FOR: AT ARI 400/ S00 ,24K Memory Apple II Applesoft Basic, 16K beyond Basic , PET 2001, 16K Memory TRS-SO Level II, 16K MemoryTrademarks of Warner Communicalions. Apple, Commodore lind Tandy Corp.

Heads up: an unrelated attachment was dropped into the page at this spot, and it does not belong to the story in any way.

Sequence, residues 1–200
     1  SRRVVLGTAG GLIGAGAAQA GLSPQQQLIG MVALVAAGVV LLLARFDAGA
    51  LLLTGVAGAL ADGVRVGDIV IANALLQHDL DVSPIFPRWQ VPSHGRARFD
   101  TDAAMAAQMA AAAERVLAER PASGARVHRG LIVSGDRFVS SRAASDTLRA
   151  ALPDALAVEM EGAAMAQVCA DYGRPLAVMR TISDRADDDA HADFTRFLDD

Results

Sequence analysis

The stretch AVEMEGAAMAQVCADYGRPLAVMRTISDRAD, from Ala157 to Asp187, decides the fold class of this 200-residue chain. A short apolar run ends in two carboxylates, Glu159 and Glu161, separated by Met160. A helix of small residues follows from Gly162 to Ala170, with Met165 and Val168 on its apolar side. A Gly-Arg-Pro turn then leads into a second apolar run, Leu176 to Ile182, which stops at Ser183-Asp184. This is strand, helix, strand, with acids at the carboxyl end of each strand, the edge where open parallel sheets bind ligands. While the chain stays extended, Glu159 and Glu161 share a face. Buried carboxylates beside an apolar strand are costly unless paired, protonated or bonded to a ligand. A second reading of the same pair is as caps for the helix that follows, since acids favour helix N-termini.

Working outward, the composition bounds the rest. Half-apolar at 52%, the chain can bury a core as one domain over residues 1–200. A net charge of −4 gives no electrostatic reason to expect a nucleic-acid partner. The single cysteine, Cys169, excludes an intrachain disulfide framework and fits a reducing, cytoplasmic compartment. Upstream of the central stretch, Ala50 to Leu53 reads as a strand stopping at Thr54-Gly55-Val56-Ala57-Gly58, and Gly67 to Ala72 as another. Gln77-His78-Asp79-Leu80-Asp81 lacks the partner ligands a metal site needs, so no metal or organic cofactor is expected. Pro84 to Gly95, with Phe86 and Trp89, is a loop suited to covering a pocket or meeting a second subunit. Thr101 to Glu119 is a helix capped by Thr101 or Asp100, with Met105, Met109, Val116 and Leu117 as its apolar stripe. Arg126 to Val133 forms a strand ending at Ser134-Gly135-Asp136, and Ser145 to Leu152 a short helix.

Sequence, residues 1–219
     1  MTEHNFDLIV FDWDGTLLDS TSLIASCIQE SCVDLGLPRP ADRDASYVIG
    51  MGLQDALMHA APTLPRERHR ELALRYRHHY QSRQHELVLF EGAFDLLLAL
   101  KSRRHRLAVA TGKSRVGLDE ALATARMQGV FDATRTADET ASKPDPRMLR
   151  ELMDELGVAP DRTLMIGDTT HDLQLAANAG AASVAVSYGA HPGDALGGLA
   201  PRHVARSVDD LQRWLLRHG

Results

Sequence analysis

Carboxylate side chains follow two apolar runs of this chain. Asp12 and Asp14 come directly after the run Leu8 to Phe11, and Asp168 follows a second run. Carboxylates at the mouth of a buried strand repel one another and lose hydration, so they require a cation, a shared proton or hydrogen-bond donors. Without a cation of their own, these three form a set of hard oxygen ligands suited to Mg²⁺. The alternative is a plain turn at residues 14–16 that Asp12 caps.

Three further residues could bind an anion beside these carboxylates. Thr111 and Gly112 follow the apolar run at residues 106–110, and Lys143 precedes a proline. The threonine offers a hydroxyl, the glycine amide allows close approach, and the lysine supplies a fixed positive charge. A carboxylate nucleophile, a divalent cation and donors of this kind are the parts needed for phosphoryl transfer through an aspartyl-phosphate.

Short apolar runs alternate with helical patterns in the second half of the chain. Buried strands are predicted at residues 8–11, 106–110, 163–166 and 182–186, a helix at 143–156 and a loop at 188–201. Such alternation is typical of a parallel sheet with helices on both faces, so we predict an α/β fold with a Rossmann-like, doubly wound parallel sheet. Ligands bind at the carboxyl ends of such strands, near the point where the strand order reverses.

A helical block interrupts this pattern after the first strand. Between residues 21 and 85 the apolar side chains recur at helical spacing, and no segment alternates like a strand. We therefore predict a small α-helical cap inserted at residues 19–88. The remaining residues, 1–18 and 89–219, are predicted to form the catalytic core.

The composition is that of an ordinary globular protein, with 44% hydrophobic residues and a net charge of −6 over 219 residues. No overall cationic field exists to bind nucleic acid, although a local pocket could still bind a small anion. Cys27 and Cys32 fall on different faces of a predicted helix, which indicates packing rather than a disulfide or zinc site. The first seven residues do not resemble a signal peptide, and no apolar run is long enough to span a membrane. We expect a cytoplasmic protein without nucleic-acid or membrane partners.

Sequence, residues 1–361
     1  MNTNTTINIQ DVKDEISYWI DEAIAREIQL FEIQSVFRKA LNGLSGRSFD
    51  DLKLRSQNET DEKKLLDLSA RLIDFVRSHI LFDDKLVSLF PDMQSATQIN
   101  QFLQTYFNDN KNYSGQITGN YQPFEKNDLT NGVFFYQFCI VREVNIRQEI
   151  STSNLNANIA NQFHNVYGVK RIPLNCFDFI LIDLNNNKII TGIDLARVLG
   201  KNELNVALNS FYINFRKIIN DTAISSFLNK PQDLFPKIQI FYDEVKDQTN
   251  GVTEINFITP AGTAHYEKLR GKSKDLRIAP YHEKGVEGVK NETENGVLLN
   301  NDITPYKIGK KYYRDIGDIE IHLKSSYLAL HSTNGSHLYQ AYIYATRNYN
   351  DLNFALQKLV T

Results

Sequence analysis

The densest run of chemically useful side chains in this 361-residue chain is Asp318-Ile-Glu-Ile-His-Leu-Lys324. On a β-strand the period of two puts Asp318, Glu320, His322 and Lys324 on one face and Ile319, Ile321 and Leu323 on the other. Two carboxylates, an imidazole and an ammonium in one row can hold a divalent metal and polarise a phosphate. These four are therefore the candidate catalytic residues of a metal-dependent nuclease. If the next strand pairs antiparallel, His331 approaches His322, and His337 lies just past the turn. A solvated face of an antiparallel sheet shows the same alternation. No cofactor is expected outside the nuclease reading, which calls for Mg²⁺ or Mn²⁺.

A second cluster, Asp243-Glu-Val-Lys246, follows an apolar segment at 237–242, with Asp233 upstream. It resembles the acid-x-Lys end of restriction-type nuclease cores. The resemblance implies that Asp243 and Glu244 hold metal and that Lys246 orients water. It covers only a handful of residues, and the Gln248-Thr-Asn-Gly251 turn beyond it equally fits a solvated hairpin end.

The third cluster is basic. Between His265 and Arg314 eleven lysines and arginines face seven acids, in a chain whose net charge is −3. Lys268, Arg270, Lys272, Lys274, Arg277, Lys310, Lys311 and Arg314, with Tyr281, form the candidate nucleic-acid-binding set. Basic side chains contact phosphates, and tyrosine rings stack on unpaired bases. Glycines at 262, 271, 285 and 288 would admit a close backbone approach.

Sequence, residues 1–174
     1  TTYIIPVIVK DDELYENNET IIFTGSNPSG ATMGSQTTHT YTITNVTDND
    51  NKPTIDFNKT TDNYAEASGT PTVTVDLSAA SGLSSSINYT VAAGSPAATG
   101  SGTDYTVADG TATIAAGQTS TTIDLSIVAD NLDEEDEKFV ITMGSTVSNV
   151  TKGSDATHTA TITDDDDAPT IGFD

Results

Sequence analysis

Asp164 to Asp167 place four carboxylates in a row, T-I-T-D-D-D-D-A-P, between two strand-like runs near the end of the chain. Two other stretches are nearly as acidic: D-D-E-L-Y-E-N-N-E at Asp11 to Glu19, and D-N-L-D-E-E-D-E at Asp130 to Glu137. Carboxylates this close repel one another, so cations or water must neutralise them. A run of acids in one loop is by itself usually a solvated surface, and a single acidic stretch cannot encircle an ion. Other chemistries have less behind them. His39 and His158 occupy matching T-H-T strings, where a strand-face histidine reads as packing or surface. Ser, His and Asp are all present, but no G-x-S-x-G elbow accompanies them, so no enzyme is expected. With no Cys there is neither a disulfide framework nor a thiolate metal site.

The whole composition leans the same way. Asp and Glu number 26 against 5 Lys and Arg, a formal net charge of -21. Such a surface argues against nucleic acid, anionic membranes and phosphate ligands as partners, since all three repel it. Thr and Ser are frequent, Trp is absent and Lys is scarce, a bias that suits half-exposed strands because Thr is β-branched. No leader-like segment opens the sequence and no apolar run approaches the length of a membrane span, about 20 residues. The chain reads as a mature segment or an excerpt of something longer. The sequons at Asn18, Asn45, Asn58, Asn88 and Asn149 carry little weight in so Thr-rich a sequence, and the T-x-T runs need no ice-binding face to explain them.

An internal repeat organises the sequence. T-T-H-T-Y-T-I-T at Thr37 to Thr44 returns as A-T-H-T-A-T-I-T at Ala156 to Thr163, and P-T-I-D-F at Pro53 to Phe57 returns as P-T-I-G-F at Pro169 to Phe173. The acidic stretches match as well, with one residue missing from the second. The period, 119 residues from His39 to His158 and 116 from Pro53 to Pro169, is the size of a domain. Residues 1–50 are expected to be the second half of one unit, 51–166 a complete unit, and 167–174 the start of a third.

INTRODUCTION PLANET MINERS is a very unique game about events which take place in the year 2050 . In this year, the Mining Council of the Earth Federation of Governments has opened the solar system to mining. While the Federation itself is not empowered to engage in commerce, it has the authority to grant mining concessions to private concerns. These concerns are actually huge multi-national corporations which are extremely paternalistic (the Japanese system), called "families." Each corporation goes by the "family" name of its founder. Thus, the opening of the solar system for mining claims results in a scramble among the families for the available concessions. THE SOLAR SYSTEM The PLANET MINERS is played in our solar system. As you probably know, there are nine planets in our solar system (known as of 1979), plus a scattering of planetoids in orbit between Mars and Jupiter. There is a collection of other junk (mostly comets and planetary satellites), but this game will be limited to the nine planets and one representative planetoid, Ceres. When the game begins, the planets (and Ceres) are placed at fixed distances from the sun, but in random directions . As the turns progress ,' they will move in orbit, but this will not make much difference except for Mercury. Moving About in the Solar System In the year 2050, interplanetary space travel will have evolved considerably over our primitive space vehicles of today . All space craft currently in use spend most of their time coasting along, with the occupants floating in "zero-g" (zero-gravity) or weightlessness'. If you wanted to coast from Earth to Jupiter, for instance, you would fire your rockets for a very short time to give yourself an elliptical orbit around the sun with a perihelion (closest approach to the sun) at the orbit of Earth and an aphelion (furthest from the sun) at the orbit of Jupiter. You would have to time your departure very carefully to make sure Jupiter would be in the correct spot when you arrived, then settle back with a good book (or a hundred) and wait several years!